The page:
ND Women’s Basketball
Greason: This season is Muffet McGraw’s most impressive coaching job
Elizabeth Greason | Saturday, March 24, 2018
It isn’t easy reaching the Sweet 16. However, for No. 1-seed Notre Dame, which is making its ninth-straight appearance in the NCAA tournament’s third round, a trip to the tournament regional is nothing short of an expectation.
However, the road to the Spokane regional was not exactly a smooth one for the Irish (31-3, 15-1 ACC), making this year Irish head coach Muffet McGraw’s most impressive season of her 31 at Notre Dame.
Let’s start with the elephant in the room, the storyline that has highlighted the season: the injuries. It all started when All-American senior forward Brianna Turner went down with a torn ACL during March Madness last year.
A season-ending ACL injury.
And then senior guard Mychal Johnson tore her ACL in practice before the season began, leaving the Irish with one scholarship guard on their bench.
Two season-ending ACL injuries.
Freshman center Mikayla Vaughn tore her ACL during practice in November, after averaging eight points and over four rebounds per game to start her collegiate career.
Three season-ending ACL injuries.
Graduate student guard Lili Thompson went down with a torn ACL during Notre Dame’s win over Wake Forest on Dec. 31, putting an end to her college career and decreasing the number of scholarship guards on the bench to none.
Four season-ending ACL injuries.
Four season-ending ACL injuries and seven scholarship athletes on the roster. That is what McGraw had to work with by the time 2018 and the heart of the schedule rolled around. But she made it work. She has embraced the talent she does have — a small team of immensely talented players — and reallocated.
Junior forward Jessica Shepard, a transfer from Nebraska, was supposed to sit out the year, but was granted immediate eligibility on the day of Notre Dame’s first game, after two of the season-ending injuries had occurred. She and senior forward Kathryn Westbeld have done their best to fill Turner’s shoes, as her injury left a noticeable absence in the post on both ends of the court.
But the biggest adjustment McGraw’s team has had to make is with junior guard Marina Mabrey. McGraw has relied on Mabrey consistently since her freshman year as one of the squad’s top scorers from the field and from the beyond the 3-point line, as her 45.3 percent 3-point field-goal percentage in 2015-16 sits at sixth all-time in the Notre Dame record boards for a single season. However, when the Irish lost Thompson, their only true point guard, it was left up to Mabrey to take on the role. And while there were growing pains at first, she has filled the role admirably.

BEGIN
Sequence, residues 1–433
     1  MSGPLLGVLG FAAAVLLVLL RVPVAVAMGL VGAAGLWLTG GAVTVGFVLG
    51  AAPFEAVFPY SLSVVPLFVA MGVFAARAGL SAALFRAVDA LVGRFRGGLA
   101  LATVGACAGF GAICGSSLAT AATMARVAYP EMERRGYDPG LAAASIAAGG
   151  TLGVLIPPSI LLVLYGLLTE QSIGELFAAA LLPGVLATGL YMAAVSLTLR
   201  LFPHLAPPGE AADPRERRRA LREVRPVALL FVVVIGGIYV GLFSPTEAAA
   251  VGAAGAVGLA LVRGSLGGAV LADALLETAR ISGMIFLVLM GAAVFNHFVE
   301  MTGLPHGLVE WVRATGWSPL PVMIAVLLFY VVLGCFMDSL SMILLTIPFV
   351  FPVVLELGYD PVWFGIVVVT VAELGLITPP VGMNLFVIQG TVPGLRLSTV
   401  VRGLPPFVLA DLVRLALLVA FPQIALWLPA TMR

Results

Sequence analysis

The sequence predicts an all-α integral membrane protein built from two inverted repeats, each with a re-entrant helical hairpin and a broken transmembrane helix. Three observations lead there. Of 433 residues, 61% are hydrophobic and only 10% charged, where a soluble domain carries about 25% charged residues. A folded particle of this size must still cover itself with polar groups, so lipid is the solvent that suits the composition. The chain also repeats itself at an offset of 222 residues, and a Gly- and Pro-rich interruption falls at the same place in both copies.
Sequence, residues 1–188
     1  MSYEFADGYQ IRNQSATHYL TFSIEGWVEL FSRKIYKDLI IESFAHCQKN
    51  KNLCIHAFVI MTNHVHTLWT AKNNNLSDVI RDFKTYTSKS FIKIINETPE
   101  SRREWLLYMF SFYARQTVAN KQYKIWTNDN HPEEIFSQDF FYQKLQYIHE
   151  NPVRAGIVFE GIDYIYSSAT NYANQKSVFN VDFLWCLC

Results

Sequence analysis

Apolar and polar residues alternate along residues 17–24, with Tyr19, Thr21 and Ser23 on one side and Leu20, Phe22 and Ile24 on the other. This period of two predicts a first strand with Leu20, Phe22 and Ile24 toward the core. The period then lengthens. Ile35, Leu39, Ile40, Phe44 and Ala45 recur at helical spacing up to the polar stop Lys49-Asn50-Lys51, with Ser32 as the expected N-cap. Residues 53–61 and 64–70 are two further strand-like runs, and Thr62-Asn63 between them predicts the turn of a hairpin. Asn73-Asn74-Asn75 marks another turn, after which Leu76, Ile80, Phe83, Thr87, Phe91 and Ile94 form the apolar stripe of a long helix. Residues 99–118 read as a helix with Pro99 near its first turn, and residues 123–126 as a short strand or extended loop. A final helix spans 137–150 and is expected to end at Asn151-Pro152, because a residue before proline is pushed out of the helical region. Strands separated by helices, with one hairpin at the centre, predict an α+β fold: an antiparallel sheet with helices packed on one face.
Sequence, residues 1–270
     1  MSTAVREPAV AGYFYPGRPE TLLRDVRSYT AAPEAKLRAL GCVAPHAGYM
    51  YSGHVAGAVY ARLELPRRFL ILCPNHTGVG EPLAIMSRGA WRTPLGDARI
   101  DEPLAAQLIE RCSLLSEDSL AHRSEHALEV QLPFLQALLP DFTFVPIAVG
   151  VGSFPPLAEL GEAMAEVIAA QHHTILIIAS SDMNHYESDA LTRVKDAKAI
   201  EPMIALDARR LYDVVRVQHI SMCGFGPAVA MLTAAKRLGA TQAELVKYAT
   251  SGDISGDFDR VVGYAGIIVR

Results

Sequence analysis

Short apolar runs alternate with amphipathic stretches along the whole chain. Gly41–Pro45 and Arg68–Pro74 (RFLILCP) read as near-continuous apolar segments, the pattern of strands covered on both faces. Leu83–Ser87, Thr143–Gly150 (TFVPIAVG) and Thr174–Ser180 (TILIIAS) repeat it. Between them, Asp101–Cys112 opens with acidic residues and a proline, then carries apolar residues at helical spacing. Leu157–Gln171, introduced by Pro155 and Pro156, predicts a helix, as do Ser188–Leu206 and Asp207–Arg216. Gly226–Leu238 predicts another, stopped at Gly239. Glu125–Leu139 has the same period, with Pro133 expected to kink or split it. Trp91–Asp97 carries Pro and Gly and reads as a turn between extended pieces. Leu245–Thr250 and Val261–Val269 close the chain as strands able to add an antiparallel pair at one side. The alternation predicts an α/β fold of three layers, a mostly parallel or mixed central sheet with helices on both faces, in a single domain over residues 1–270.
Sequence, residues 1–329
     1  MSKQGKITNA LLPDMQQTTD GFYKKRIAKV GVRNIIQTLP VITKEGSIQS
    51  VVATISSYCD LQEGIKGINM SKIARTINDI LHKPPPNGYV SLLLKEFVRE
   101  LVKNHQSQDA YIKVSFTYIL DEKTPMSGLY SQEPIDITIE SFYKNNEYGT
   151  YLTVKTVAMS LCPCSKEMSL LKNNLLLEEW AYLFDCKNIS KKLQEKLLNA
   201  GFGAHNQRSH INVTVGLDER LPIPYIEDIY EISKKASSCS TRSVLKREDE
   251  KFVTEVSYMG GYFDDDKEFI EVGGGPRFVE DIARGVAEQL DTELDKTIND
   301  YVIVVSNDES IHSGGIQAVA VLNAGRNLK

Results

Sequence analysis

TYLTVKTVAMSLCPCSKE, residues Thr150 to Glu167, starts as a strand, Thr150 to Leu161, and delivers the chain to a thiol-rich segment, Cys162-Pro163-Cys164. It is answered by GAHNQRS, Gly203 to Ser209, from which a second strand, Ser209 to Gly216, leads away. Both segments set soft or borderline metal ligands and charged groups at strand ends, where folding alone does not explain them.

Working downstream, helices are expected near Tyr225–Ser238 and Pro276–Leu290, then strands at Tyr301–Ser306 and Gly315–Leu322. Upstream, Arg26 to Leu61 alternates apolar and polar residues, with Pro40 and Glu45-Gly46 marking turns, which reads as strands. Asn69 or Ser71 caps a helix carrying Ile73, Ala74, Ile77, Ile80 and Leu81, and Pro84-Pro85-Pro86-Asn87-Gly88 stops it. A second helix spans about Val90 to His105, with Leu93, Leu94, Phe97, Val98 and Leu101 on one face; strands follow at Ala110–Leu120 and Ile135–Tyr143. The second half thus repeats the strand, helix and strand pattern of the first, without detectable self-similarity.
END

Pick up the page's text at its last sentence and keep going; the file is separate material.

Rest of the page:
Cut to the first round of the NCAA tournament. Three minutes into the first round. Westbeld sprains her ankle and does not return to the game. She does not start against Villanova the next round either, although she returned for the second half, playing through what McGraw qualified as a significant amount of pain.
Six healthy scholarship players left.
Graduate student forward Kristina Nelson made the start instead, while sophomore guard Kaitlin Cole, a walk-on, accumulated more minutes than a scholarship player. That’s how far this team has come. Or how much this team has overcome.
And sophomore guard Jackie Young stayed on the court seconds shy of a full 40 minutes, something that has become a common enough occurrence for the Irish guards. Not many coaches have to work players who come off the court after having played their hearts out for an entire game with no rest night after night after night. Not many coaches would reach the Sweet 16 with players who are undoubtedly exhausted, no matter how talented they are.
A 100-67 loss to Louisville in January might have beaten a team that was already down. But not this team. It got back up, proving that it can fight to the finish.
So no matter what happens in Spokane, Washington, this weekend, it will be Muffet McGraw’s most impressive season as a head coach yet.
The views expressed in this column are those of the author and not necessarily those of The Observer.